"There was a second person involved who was kicking me in my back, and ah then it just stopped and they ran off and I saw where they ran."

He again pauses to think about what to say. We don't know how much time went by before the attack stopped.

He used the word "it" which seems unusual. He may be describing the attack itself; "It stopped." However, most people would probably say, "They stopped." If there were no attackers, then it is harder to say, "They stopped" and easier to say, "It stopped."

The unique word "just" is often used to minimize things. It is acceptable to use this word to minimize time; "He just left the building." When people use this word to minimize their actions, it is an indication they may have done more than what they have told us. In Smollett's statement, we're not sure if he is minimizing time or his or the attacker's actions.


"And the phone was in my pocket but it had fallen out and it was sitting there. And my manager was still on the phone. So, I picked up the phone and I said, 'Brandon? ' and he's like 'What's going on? ' And I said, 'I was just jumped.'"

In this portion of his statement, we find a couple of unique words that I usually do not talk about in my seminars. Smollett had been on his cellphone talking to his manager at the time of the attack. Apparently, he put the phone in his pocket when the attack began. The use of the unique word "phone" often ties the person to the crime scene. If you witnessed a crime, you might call 911 on your cellphone. In your statement to the police you would probably mention this. The word "cellphone" ties you to the crime scene but in an innocent way. For others though, the use of this word ties them to the crime scene in a not so innocent way.

Although it doesn't show much action, the unique word "sitting" is a verb which indicates a state of being. When this word is used to describe an inanimate object, it indicates possible deception. This is because phones are not capable of sitting. I did a study on the unique word "sitting" and found that 47% of the time, a truthful person did use this word to describe an inanimate object; "When I walked into his house, the drugs were sitting on the table." For some people, this is part of their vernacular. A lot of people (or at least 47%) might say, "The remote is sitting on the TV." So, Smollett's use of this word in regards to his cellphone is an indication of deception but not a strong indication.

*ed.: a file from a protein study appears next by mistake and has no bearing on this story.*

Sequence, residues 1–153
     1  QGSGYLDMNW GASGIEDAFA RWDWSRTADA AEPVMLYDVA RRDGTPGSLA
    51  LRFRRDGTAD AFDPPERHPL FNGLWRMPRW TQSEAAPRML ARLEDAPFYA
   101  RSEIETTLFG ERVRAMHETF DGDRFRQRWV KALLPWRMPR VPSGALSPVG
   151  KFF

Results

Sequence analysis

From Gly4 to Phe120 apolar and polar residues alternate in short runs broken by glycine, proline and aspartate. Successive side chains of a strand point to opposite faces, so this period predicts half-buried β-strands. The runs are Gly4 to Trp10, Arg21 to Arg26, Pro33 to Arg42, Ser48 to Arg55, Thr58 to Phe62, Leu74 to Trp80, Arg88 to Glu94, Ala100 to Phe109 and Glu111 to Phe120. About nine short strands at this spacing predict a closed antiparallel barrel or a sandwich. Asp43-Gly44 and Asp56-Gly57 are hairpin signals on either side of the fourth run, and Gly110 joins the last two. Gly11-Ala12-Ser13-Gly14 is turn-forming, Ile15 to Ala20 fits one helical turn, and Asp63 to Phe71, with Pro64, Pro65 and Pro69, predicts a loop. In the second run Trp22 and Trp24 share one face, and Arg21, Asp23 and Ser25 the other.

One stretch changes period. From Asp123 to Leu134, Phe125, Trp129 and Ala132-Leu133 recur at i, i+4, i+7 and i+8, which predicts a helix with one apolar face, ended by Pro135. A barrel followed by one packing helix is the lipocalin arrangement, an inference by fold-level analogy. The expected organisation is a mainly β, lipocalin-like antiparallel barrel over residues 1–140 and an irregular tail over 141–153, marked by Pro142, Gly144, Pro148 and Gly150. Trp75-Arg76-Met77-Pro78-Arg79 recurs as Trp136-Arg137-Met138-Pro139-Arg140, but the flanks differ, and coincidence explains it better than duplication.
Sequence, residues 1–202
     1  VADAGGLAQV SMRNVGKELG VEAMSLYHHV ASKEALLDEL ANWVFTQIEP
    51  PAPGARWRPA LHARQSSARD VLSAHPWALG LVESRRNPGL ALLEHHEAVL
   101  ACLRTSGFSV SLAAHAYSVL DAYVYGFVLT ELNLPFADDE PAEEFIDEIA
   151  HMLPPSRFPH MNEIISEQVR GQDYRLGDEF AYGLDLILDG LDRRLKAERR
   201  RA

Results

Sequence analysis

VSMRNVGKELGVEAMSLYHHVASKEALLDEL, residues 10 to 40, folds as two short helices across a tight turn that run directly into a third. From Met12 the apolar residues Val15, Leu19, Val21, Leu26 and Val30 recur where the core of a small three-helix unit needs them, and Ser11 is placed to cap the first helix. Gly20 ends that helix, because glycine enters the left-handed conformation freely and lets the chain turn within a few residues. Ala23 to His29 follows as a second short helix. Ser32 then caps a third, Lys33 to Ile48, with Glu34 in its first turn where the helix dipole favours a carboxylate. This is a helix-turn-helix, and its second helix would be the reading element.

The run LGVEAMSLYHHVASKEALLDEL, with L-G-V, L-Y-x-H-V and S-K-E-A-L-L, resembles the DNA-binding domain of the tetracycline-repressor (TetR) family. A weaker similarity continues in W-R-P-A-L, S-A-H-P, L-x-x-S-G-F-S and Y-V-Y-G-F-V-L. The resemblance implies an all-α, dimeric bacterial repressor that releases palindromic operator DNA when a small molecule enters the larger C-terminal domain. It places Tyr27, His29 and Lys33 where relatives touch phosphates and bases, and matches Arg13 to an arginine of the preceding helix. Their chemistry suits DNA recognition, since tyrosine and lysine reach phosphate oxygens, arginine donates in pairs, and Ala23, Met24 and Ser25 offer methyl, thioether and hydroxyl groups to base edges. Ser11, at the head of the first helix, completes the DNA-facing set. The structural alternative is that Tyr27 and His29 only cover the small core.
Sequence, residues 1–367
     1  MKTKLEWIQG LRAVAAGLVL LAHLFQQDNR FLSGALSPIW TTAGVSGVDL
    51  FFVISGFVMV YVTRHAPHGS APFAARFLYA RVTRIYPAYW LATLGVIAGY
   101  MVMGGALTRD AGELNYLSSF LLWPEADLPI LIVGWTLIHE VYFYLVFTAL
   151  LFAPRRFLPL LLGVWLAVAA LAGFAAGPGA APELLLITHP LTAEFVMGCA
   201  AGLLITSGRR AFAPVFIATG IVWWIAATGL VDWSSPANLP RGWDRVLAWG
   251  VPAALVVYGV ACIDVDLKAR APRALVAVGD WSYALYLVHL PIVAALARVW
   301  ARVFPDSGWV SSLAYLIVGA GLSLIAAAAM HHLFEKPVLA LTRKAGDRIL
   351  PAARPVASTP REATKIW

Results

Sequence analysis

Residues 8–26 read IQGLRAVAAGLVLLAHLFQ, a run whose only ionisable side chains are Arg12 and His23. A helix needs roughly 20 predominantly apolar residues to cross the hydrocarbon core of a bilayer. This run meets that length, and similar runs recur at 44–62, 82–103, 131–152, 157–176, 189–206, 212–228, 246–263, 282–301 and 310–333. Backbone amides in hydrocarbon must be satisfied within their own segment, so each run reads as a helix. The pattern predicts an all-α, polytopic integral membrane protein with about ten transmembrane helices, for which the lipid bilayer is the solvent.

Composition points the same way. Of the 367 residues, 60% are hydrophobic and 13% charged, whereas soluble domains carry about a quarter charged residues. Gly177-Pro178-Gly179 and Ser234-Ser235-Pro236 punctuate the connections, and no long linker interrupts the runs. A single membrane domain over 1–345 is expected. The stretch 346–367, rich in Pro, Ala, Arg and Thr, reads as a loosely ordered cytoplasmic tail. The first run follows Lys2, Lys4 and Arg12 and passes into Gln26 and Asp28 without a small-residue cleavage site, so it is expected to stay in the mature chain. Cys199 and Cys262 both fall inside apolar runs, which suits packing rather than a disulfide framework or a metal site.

Conclusion

We find enough deceptive indicators in Smollett's statement to conclude he is being deceptive about the attack.



Update

On February 17, 2019, ABC News reported that two brothers told the Chicago police they were paid by Jussie Smollett to stage an attack on him. The police are attempting to corroborate their statement.

Update

On February 21, 2019, Jussie Smollett was arrested and charged with disorderly conduct and filing a false police report in connection to his claim he was attacked on January 29, 2019. The police believe a week earlier Smollett sent himself a racist and homophobic letter hoping to get attention from his studio. When that didn't work, it is alleged Smollett paid two brothers to stage the attack.